The musical Fannie Lou began as an idea that wedded history, music and drama. What if, I thought, the story of Fannie Lou Hamer were told not only through an artistic work that presented her voice, but also gave considerable weight to contrasting perspectives?
I wanted to utilize artistic conventions to tell a story of heroism, dynamism and personal sacrifice. And I wanted to do it in a compelling way that, even though we know the ending, takes audience members on such an intriguing journey that they wonder what will happen next.
Many, many thanks to everyone who came to see the world premiere in New York City on Saturday, Oct. 6, 2012 -- the 95th anniversary of Fannie Lou Hamer's birth. I hope it inspired. I hope it engaged. Most of all, I hope it was a reminder of the struggles and almost unspeakable hardships that Mrs. Hamer and people like her endured for hard-fought freedoms.
And I hope Fannie Lou serves as encouragement, as we move forward, to keep those freedoms alive.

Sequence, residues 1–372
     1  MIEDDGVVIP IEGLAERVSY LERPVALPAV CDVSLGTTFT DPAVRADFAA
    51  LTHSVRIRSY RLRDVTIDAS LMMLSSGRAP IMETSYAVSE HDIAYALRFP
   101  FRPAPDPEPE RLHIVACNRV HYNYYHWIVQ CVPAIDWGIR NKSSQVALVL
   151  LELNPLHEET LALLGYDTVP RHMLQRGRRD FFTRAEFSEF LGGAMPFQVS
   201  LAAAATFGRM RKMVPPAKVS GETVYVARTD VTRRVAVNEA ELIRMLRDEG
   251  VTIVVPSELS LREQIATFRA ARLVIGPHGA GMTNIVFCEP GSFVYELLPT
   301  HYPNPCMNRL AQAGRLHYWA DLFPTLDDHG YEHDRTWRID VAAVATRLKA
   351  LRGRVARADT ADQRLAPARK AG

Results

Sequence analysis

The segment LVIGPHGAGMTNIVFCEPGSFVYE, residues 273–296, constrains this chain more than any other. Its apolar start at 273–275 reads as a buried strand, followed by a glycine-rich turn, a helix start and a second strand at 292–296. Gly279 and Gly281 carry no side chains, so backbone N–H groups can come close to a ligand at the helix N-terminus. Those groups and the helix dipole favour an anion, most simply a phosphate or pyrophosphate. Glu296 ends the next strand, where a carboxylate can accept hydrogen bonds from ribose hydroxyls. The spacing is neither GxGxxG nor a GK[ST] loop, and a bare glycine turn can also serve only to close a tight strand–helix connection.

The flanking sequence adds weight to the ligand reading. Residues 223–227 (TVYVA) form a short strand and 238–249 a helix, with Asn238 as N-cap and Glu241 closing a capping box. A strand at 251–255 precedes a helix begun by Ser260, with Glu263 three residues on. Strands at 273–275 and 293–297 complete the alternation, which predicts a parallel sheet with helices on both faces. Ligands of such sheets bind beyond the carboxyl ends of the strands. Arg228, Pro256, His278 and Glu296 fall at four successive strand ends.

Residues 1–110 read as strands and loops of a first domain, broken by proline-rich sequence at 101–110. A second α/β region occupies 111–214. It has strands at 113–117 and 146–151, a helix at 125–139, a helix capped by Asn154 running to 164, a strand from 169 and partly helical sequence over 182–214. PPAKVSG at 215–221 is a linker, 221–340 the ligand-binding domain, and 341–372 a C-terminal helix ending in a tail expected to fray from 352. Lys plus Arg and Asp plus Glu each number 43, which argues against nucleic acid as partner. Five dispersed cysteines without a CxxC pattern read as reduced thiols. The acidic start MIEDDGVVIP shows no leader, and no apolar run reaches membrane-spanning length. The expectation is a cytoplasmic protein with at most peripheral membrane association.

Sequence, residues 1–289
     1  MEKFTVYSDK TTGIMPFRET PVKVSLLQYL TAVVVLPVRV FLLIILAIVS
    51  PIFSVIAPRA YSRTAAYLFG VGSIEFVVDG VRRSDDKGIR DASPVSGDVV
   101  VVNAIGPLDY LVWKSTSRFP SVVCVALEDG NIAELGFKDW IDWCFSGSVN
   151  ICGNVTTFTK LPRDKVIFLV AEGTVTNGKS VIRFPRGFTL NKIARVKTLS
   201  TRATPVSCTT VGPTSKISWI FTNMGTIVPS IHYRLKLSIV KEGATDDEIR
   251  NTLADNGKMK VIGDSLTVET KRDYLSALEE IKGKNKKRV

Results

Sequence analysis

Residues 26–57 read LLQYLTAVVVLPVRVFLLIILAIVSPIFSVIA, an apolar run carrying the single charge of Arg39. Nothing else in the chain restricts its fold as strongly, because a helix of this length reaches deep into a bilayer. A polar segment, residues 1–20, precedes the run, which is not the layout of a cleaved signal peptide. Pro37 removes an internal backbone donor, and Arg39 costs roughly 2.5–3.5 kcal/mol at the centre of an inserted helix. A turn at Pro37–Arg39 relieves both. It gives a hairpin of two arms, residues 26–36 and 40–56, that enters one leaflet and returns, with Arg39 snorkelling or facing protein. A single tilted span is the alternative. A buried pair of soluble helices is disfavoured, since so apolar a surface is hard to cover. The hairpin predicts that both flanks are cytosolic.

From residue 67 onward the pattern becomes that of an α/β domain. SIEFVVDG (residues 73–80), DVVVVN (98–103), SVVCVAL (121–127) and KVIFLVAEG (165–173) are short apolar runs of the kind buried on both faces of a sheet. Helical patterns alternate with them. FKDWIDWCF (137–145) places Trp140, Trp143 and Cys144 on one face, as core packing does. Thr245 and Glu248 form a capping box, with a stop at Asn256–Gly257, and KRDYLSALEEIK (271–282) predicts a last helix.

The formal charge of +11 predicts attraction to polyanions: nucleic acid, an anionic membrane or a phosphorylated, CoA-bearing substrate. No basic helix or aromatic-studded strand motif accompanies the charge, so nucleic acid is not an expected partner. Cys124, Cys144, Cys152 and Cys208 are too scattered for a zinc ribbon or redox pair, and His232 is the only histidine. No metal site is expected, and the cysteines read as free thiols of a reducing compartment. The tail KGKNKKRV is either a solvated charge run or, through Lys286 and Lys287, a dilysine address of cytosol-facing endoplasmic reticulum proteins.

The above photos are from the March 24, 2012, New York City staged reading of “Scenes and Songs from Fannie Lou.” The performance featured several songs and dialogue excerpts from the full-length musical Fannie Lou. Participants included more than a dozen actors and singers. Several parts were double cast and some actors played more than one role. Pictured, starting with the upper left photo and going from left to right in each row, are: (Photo 1) the full cast and crew; (Photo 2) Diane Parker as Fannie Lou Hamer; (Photo 3) Paul Fraccalvieri as The Narrator; (Photo 4) local civil rights leaders were portrayed by, from left: Lucinda Carr, Tiffani Coleman, Chris Gwynn, Cheri Hunter, Vincent Filliatre, Brittane Rowe and Victor Arnez; (Photo 5) Local Voting-Rights Resistance Leaders are played by Robert Rice, Josh Rothberg and Paul Fraccalvieri; (Photo 6) Tiffani Coleman as Fannie Lou and Brittane Rowe as Laura share a light moment; (Photo 7) Maria Sbrocchi portrays Pamela and Jonathan Rodriguez plays Junior in this scene; (Photo 8) here, Chris Gwynn (second from right) plays Junior opposite Diane Parker’s Fannie Lou, Brittane Rowe’s Laura and Vincent Arnez’s Rev. Hill; (Photo 9) Hillary Ekwall played Pamela in two of the performances; (Photo 10) Maria Sbrocchi played the role of Pamela, which was double cast, during two performances; (Photo 11) Diane Parker as Fannie Lou and Paul Fraccalvieri as The Reporter debate the merits of fighting for the vote; (Photo 12) Brittane Rowe as Laura and Chris Gwynn as Junior share a poignant moment.